To design and develop an off-grid “tiny house” that is a showcase for sustainable design.
Space is a resource. Despite designers’ attempts to achieve a balance between nature and architecture, their best efforts result in nothing more than substitutions. However, the reality is that centuries of natural selection have created an environment impossible for humans to recreate. Every square inch of a home is a lost square inch for the surrounding biosphere. Therefore, a reduction of space is the first step towards sustainable living.
Human impact does not end at the walls of a home. The sewer, water, and power lines, power plants, and wastewater facilities are all parts of the ecological footprint. An off-grid home is not just a reduction in consumption, but also a commitment to personal responsibility for natural resources.
In 1997, social activist Jay Schafer founded the Tumbleweed
Tiny House Company, a business that plans and constructs small homes. His line
of Tiny Houses range in size between 65 to 140 total square feet, significantly
smaller than the average 2,000+ square-foot house and substantially more
environmentally friendly. Jay himself lives in one of his designs, a testament
to a person’s ability to comfortably inhabit limited spaces.
Inspired by Jay’s actions, our team, a group of six dedicated individuals, has made it our mission to improve upon the Tumbleweed Tiny Houses by incorporating their efficient use of space with interdisciplinary innovations in the area of materials, electricity, and plumbing for ultimate sustainability.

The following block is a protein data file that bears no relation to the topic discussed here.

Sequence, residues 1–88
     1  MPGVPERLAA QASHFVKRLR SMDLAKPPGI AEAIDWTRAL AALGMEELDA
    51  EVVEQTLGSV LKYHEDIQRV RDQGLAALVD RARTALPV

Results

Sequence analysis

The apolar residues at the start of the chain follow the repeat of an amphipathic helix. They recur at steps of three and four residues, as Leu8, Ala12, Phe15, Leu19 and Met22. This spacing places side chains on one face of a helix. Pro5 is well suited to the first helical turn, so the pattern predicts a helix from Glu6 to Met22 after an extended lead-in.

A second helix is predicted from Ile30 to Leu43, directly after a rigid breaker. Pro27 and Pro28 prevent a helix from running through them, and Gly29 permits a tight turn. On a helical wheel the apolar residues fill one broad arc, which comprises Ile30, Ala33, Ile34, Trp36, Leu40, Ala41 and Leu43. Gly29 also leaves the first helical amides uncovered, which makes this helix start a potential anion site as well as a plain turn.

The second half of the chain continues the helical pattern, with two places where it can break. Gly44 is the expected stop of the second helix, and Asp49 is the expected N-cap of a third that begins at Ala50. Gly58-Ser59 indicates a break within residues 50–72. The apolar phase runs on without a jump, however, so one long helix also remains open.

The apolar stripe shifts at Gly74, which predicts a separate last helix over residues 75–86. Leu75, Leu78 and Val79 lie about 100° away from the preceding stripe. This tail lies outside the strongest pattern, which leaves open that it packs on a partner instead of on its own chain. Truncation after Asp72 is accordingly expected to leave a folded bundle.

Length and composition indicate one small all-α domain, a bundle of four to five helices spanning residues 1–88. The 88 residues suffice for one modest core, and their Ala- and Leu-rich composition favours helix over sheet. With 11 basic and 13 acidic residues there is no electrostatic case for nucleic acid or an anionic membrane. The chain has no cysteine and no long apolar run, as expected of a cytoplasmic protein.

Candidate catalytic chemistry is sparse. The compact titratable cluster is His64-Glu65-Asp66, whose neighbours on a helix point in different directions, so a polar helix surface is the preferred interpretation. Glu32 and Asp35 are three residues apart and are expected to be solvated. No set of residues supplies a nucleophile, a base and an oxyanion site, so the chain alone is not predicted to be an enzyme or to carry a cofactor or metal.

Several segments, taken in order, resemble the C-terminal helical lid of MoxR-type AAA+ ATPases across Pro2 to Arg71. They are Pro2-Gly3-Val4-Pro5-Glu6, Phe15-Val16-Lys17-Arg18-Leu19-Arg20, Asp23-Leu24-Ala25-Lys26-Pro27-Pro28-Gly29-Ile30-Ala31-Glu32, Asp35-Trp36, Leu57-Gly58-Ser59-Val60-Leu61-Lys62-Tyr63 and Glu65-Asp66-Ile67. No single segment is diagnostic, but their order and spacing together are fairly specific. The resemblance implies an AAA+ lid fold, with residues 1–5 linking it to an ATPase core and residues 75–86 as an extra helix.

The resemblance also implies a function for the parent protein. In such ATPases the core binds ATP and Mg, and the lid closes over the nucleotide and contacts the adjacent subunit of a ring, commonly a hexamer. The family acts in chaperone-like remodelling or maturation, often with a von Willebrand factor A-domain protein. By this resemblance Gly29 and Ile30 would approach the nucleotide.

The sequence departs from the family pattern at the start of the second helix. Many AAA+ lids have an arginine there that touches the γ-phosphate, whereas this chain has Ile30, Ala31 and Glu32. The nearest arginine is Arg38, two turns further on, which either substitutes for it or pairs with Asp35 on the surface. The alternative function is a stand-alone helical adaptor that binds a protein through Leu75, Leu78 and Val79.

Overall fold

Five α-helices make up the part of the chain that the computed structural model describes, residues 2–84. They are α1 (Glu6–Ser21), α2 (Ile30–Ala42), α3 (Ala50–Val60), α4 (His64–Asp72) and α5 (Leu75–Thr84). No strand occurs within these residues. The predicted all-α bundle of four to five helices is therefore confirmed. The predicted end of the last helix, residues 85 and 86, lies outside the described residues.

Previously serving as our DESIGN 298/398 course sequence project, we have been conducting research in the field of environmental conservation and designing a 130 square-foot home for a single person that contains all the amenities for comfortable living and that generates its own inputs and outputs, promoting an independently sustainable system. It’s our goal to construct a prototype of this home on Northwestern’s campus in Spring 2011. Through our model use of renewable materials and energy efficiency, we will provide ecological awareness to the Northwestern community. In addition, our design will reach supporters of the Tiny House movement through our association with Jay Schafer, who actively promotes Tiny Houses through his company and online blog. By developing an example of an off-grid home, we aim to inspire the public to take steps in changing their own living arrangement to encourage the conservation of the environment without sacrificing comfort.